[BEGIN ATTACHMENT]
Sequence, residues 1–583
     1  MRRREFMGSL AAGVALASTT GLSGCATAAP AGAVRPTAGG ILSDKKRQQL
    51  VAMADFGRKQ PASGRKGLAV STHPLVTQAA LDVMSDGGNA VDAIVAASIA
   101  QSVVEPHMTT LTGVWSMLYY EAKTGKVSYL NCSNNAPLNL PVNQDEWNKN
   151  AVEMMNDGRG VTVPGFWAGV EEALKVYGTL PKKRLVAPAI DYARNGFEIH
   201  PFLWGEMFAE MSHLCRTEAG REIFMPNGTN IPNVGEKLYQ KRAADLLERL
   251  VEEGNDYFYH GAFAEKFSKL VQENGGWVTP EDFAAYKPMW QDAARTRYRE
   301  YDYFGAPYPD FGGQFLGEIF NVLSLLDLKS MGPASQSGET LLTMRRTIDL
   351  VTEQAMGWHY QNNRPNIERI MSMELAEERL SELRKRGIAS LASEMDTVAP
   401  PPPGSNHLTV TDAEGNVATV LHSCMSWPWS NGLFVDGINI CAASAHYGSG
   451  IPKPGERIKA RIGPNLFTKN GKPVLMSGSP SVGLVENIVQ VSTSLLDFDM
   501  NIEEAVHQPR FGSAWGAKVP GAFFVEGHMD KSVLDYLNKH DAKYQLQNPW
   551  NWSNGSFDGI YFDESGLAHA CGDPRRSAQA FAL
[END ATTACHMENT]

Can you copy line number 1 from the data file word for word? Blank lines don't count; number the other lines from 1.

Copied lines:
Sequence, residues 1–583